Things I am pondering…

Wisdom House, Litchfield CT July 2014

Today I am wondering about how compartmentalizing our spiritual life keeps us from God. Many of us seem to think that the place to pray is Church, perhaps at mass. I’ve heard the remark that mass is “my time with God.” While I do understand that, and have thought it myself, I have to wonder how this harms our spiritual growth and well-being.

This is not to say that mass is not time with God, but it is time with God in community. For me, I see it as a rather large, raucous, dinner party with Jesus. I love time alone with God, but mass is not where I expect it.

This is not meant to be a post delineating liturgical elements and ecclesiology. Maybe we will do that another day, but today I am pondering the nearly invisible but resilient fabric of integrated spiritual life. It is something I long for, gratefully something I glimpse, but it can appear to be elusive.

This got me wondering about how I compartmentalize, without fully understanding the utterly shocking reality of Christ in the most mundane and often annoying moments of life. Doing the grocery shopping, cleaning the bathroom, dealing with a difficult person, and so forth. How many times am I sitting in a meeting as a sense of growing testiness rises up within me because I am impatient, thinking to myself “I can’t wait to go on retreat.”

If I cannot experience the presence of God in all moments and all things, how can I expect to find God at a monastery or retreat house?

Of course retreats, mass, spiritual direction, and other such pursuits are important. However, today I am hoping to smooth out the ridges that keep me from traversing the ordinary and the holy in one journey. Maybe my need for this day is to experience the “Quiet Area” that is deep within my heart, rather than seeking it as part of something external.

What is your quiet area? The one in your heart and the one outside. How can any of us stitch the interior and exterior together with the thread of God in our very being into a quilt of holy integration?

This will be my prayer today. Will you join me?

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Silence, stillness, solitude

This week I listened to an exception episode of an outstanding podcast. If you have never listened to “Encountering Silence,” I cannot recommend it enough. Hosts Cassidy, Kevin, and Carl spoke with that font of spiritual wisdom, Joyce Rupp. This is an episode I am sure I will listen to again, and I have already recommended it to several friends.

Labyrinth, National Shrine of St Therese, Juneau, AK – a place of exceptional silence and grace.

One of the things that most struck me was when Sr. Joyce spoke about silence and stillness. She was talking about how silence is one thing, but stillness is something else entirely. This is one of those things that I not given much thought to, so it made me stop and reflect.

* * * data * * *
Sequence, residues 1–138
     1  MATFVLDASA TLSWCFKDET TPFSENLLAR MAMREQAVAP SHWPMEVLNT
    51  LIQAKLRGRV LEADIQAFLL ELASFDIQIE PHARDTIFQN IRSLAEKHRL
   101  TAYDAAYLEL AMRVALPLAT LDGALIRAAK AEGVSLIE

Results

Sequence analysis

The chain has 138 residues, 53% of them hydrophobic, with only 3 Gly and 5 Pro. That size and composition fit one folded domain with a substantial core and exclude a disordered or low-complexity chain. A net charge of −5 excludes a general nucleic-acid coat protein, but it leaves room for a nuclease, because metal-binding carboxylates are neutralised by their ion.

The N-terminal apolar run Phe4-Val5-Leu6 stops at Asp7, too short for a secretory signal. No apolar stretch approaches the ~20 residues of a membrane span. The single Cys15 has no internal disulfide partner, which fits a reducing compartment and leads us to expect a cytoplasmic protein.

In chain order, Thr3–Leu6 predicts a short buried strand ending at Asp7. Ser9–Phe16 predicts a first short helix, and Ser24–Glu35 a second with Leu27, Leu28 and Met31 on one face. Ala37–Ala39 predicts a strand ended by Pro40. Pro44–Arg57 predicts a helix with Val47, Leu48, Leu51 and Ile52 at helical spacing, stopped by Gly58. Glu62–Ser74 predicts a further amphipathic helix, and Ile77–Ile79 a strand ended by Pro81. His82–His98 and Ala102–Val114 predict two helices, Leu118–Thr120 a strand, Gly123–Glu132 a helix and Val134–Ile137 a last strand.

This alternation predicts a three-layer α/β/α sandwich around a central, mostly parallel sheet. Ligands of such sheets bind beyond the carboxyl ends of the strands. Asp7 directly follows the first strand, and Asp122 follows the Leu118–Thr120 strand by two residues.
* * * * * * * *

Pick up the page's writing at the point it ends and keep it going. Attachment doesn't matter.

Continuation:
Silence is a necessity to me. By nature, I am a kind of noisy person, but my nature also means having adequate amounts of silence in my day. My mornings are spent in silence as I awaken first and sit quietly, reading, praying, writing, thinking. You may notice a clear lack of stillness in that mix – more on that in a minute. If I do not get that quiet time, my day is simply off. People wonder why I wake up so early, but it is as necessary as a medication is for a chronic condition. Without it, I would not find the solitude that I require to be present in life.

My woods, my outdoor monastery.

I also like to walk, and while I used to always walk and listen to a podcast, I now generally walk in silence. After a hectic day at work, being in the forest, listening to the breeze in the trees, the birds singing, the movement of woodland creatures under the brush is all a healing balm to me. This is a kind of silence, but once again, not necessarily stillness.

Listening to the podcast reminded me that I might want to incorporate periods of stillness into my silence. I’m wondering what you all might think about this topic. Do you pursue intentional silence? Is stillness a practice in your life? What contemplative paths do you follow? I’m curious to see if we can find some conversation about this – even though the topic is silence. After all, know more about how we each live our silence might help us all.

Personal desert

EDIT Somewhere between Logrono and Najera Sep 2016I’m enjoying being off of Facebook for Lent, and spending my time on Instagram with one post per day; a photo and a mini-reflection. You will have to head over to my Instagram feed, or to my Facebook page (where my Instagram auto posts) to read my reflection for today. Essentially, I am thinking about Jesus instructing us to love our enemies.

Hardest. Thing. Ever.

I’ll gladly take a long walk with a heavy cross on my back than to do this. Yet, I try to constantly push myself to do so. I suck at it, by the way. Big time.

It occurs to me that part of the problem is my own lack of willingness to look at the enemy within. Of course I am well aware of that enemy, but my inner looking often results in things like my own defensiveness about myself, my shame, and my superhuman strength at avoiding and denial. I’m great at that stuff. Big time.

All of this is an invitation to me, a good deal of which is more clear this Lent because I am spending less time “talking” via Facebook. Painful is my awareness this Lent that the driest and most arid desert is often found deep within my own heart. Thus, the gifts of death and new life are made clear, but only if I am willing to keep going.

What does your inner search Please be assured of my prayers as we ply our way through deserts of our own making. God offers us so much more, but even for those of us who say we will follow, do we really?